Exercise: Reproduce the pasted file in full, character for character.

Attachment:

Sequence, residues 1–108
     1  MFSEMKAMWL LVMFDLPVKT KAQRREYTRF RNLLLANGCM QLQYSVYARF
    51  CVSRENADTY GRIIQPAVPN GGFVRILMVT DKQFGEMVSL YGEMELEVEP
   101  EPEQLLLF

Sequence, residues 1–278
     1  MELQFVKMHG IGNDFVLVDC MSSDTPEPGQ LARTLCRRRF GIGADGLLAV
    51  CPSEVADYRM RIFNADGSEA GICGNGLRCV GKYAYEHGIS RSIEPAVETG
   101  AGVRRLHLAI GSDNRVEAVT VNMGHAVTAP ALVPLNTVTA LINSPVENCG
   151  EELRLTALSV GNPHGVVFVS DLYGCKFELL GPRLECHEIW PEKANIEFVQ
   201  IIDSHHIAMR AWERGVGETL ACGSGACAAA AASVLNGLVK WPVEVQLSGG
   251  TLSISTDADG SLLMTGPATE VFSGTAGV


Sequence, residues 1–108
     1  MFSEMKAMWL LVMFDLPVKT KAQRREYTRF RNLLLANGCM QLQYSVYARF
    51  CVSRENADTY GRIIQPAVPN GGFVRILMVT DKQFGEMVSL YGEMELEVEP
   101  EPEQLLLF

Sequence, residues 1–278
     1  MELQFVKMHG IGNDFVLVDC MSSDTPEPGQ LARTLCRRRF GIGADGLLAV
    51  CPSEVADYRM RIFNADGSEA GICGNGLRCV GKYAYEHGIS RSIEPAVETG
   101  AGVRRLHLAI GSDNRVEAVT VNMGHAVTAP ALVPLNTVTA LINSPVENCG
   151  EELRLTALSV GNPHGVVFVS DLYGCKFELL GPRLECHEIW PEKANIEFVQ
   201  IIDSHHIAMR AWERGVGETL ACGSGACAAA AASVLNGLVK WPVEVQLSGG
   251  TLSISTDADG SLLMTGPATE VFSGTAGV